The pandemic this year has turned the master of theological study (MTS) program’s teaching model on its head. Conrad Grebel University College professors have adapted and, in some cases, entirely reconstructed their MTS courses for the ease of learning and connecting virtually, meaning that graduate students who were used to learning together in small classes about the intricacies of the Bible, Christian theology, church history and practising ministry, have also had to adapt.
And because of the online platform, MTS courses are reaching more students in many locations. From Niagara-on-the-Lake, Ont., to Winnipeg, Man., students are excited to learn and engage with each other in online discussions.
Carol Penner, assistant professor of theological studies, says of this interaction, “We are having really good discussions, and the students are engaging with each other in this new format.”
Andrew Brown enrolled due to the pandemic. He is in the master of arts in theological studies program at Canadian Mennonite University in Winnipeg, but, over the summer he started looking at other universities, since most of them had moved their courses online. He says he “saw this as an opportunity to study anywhere as a visiting student. . . . Grebel’s course, ‘The Reformation,’ taught by . . . David Neufeld piqued my interest. I had heard a lot of good things about him . . . .”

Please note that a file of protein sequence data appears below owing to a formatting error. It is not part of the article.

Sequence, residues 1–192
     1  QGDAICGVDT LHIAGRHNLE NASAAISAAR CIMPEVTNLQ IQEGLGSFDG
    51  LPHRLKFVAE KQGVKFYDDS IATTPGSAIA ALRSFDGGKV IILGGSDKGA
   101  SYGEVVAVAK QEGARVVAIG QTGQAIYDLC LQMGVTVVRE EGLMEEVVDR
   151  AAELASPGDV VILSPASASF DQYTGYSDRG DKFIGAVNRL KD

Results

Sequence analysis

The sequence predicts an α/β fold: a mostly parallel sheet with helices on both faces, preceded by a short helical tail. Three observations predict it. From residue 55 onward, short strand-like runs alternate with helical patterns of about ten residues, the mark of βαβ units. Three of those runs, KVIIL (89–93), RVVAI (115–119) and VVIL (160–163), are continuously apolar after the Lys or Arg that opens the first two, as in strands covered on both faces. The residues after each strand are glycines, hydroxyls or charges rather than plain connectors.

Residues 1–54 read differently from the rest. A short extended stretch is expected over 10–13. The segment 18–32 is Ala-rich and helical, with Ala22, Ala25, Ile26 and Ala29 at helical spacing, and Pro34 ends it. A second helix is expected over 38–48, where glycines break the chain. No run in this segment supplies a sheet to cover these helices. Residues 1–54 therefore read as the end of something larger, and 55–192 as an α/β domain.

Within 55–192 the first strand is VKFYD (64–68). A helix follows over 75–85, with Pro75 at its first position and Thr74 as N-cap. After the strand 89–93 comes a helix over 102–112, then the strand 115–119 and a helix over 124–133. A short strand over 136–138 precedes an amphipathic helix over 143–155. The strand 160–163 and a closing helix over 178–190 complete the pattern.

Rebecca Booker likes the freedom her biblical law class gives her. Because it’s asynchronous, there aren’t set class times, which, she says, allows her to “chip away at course work over the week. I enjoy being able to rewind lectures, and I often review material while I'm cleaning up the house.”
She says she was surprised “by the depth of my engagement in the course material. I think we're reading more thoroughly, and putting far more thought into our comments and responses. In many ways, this format has increased my ability to focus on the material.”
The flexibility of online courses also enabled Chris Hutton, the youth and young adult pastor at Niagara United Mennonite Church in Niagara-on-the-Lake, to take a Grebel course this term. “Knowing that I wouldn’t have to drive as much to access the course materials and content opened an even greater opportunity to continue my education and professionalization,” he says, adding, “I’ve been most surprised this term by the amount of work put in by Conrad Grebel faculty and staff. They have put a lot of thought into how to communicate during this season and they have done excellent work at foreseeing how to handle the needs of students studying online.”
Online classes have changed the way the MTS program operates. With the rise in enrolment and interest in the program, there may be lasting online opportunities, according to program director Jeremy Bergen. “We will explore how online offerings might be integrated into the mix in the future,” he says. “But whatever form our classes take, learning together with a relatively small cohort of students, in which community is fostered, will be central to what we do.”